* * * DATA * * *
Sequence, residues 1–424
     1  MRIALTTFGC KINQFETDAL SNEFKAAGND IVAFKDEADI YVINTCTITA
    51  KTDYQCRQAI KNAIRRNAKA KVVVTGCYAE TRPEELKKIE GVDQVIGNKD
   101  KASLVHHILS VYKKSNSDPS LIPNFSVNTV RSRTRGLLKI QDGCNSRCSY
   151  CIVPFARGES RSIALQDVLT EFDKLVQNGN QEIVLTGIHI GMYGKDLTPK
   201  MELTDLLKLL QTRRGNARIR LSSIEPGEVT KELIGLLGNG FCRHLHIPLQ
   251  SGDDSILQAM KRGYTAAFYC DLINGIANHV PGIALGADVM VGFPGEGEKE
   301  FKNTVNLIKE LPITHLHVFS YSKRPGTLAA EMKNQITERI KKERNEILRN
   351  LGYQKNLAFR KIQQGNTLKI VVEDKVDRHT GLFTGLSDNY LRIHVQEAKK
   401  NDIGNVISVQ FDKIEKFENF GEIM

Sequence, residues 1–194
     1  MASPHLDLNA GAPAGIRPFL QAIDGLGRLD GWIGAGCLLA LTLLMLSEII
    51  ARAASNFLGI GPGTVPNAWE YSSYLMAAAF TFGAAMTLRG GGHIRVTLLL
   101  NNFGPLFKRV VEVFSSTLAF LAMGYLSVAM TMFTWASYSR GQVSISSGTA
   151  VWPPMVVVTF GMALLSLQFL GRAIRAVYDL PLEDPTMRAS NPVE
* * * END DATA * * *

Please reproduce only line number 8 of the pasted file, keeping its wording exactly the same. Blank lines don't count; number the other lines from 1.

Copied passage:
   301  FKNTVNLIKE LPITHLHVFS YSKRPGTLAA EMKNQITERI KKERNEILRN